The latest episode of CUNY TV’s “Nueva York” features three artists who tell stories through photography, music and movies. And a mother and son who went from selling goods out of a van to owning a bodega and restaurant in Williamsburg.
Demonstrators protested the imprisonment of a Venezuelan opposition leader and the deportation of more than 1,000 Colombians at the UN headquarters, El Diario reports.
Renowned Colombian photographer Nereo López was just a few days shy of his 95th birthday when he passed away Aug. 25 in Upper Manhattan. Queens Latino remembers the New Yorker and his 70 years of taking photos.
For more than 40 years, immigrants from Montenegro, Colombia, have settled in Morristown, New Jersey, finds El Diario.
Immigrants keep coming to the Ironbound, home to the largest Portuguese and Brazilian communities in the tri-state area.
Three national parades – of the Dominican, Peruvian and Colombian communities – took place last weekend in the tri-state area, El Diario reports.
Three Venezuelans ended a hunger strike in front of the United Nations headquarters in protest against human rights violations in their country, El Diario reports.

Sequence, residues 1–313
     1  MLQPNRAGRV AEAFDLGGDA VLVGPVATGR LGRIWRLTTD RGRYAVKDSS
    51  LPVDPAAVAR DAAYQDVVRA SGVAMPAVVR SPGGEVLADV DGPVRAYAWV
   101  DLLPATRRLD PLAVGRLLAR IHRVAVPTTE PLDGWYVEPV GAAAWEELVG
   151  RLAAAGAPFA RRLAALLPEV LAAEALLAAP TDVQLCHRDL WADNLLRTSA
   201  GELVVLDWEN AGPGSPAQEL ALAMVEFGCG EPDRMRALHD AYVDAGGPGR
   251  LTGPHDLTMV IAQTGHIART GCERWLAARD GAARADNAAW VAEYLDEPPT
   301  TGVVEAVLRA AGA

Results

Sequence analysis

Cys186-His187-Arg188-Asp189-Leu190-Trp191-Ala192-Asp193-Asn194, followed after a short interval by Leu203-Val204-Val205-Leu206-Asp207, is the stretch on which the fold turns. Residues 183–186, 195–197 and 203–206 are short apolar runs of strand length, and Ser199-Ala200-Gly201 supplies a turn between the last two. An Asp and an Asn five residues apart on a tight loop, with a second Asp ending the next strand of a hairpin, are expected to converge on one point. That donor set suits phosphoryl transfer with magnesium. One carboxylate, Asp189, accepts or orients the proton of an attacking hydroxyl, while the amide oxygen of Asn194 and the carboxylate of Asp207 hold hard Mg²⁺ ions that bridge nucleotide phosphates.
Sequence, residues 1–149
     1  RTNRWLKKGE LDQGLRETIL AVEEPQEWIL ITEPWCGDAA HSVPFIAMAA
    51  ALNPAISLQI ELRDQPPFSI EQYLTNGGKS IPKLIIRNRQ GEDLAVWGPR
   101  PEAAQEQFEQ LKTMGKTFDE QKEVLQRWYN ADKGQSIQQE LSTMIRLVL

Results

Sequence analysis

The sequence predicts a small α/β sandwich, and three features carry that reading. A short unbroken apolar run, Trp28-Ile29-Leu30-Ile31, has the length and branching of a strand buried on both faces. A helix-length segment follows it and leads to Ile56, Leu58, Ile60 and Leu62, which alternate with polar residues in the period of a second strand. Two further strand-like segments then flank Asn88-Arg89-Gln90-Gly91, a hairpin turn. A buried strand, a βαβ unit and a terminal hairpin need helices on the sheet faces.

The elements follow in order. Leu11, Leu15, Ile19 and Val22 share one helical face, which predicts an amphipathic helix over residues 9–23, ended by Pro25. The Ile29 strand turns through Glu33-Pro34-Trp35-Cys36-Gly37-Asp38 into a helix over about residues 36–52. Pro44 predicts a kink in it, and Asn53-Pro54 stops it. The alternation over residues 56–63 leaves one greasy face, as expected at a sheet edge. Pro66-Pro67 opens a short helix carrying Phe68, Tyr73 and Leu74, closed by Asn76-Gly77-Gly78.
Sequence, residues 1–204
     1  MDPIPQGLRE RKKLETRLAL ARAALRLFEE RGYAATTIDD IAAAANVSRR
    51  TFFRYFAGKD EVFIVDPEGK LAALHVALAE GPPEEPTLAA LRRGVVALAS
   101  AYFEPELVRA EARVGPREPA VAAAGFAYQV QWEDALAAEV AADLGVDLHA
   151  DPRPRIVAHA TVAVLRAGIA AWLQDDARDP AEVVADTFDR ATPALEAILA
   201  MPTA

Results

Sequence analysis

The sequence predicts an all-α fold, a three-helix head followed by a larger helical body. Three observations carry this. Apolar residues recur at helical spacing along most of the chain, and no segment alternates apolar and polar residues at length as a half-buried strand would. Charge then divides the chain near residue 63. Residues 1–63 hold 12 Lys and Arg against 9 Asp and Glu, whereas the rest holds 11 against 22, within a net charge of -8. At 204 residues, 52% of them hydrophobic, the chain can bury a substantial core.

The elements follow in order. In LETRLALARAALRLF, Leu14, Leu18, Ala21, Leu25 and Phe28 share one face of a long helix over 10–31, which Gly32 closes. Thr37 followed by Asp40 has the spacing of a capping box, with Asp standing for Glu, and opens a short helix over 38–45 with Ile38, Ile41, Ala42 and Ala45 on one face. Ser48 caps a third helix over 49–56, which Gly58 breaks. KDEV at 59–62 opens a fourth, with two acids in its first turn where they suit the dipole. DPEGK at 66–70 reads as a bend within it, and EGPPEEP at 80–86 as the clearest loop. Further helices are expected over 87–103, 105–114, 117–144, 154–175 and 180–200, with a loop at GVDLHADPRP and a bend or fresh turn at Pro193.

The dozens of members of Batala NYC, described as an “Afro-Brazilian samba reggae percussion band,” will celebrate the group’s third birthday at “The Carnival Project” in Gowanus.
Jesús Hidalgo speaks about his “medicine music” before performing at the Teatro LATEA on May 9 and 10.
Sombra Negra (Black Shadow), a violent gang born in Ecuador, is also active in Queens, El Diario/La Prensa reports.
Middle school students from Sunset Park got to spend a week studying the flora and fauna of the Amazon, reports Brooklyn Daily.
Queens Latino reports on Colombians in New York who marched in support of efforts in Havana to bring a peaceful resolution to the decades long conflict between the government and the insurgency in Colombia.
The language is one of only four languages for which enrollment has been growing at the university level.
Domício Coutinho studied to spread the word of God, but ended up promoting the work of Brazilian writers through the Brazilian Endowment for the Arts in New York, which he founded.
In “Tala,” Korean-Chilean playwright Kyoung H. Park blends stories of couples around the time of Sept. 11 – of 1973 in Chile and 2001 in the U.S. – who get tangled up in conflicts of identity, government and immigration, reports Downtown Express.